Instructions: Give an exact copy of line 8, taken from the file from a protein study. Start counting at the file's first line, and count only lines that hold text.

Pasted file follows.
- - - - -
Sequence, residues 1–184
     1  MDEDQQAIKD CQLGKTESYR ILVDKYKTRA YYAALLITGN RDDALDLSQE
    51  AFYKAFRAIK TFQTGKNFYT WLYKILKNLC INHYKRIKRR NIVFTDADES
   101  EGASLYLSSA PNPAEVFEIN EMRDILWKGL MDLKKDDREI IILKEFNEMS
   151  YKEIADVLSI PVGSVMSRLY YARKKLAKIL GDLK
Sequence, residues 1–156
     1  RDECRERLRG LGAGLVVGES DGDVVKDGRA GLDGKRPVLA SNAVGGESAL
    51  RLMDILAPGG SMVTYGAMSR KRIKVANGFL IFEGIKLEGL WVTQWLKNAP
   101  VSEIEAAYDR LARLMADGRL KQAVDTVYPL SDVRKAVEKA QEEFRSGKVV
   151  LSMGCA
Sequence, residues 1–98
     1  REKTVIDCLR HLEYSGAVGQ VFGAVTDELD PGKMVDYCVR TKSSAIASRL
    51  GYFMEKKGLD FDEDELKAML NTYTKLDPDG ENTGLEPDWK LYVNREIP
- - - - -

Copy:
    51  RLMDILAPGG SMVTYGAMSR KRIKVANGFL IFEGIKLEGL WVTQWLKNAP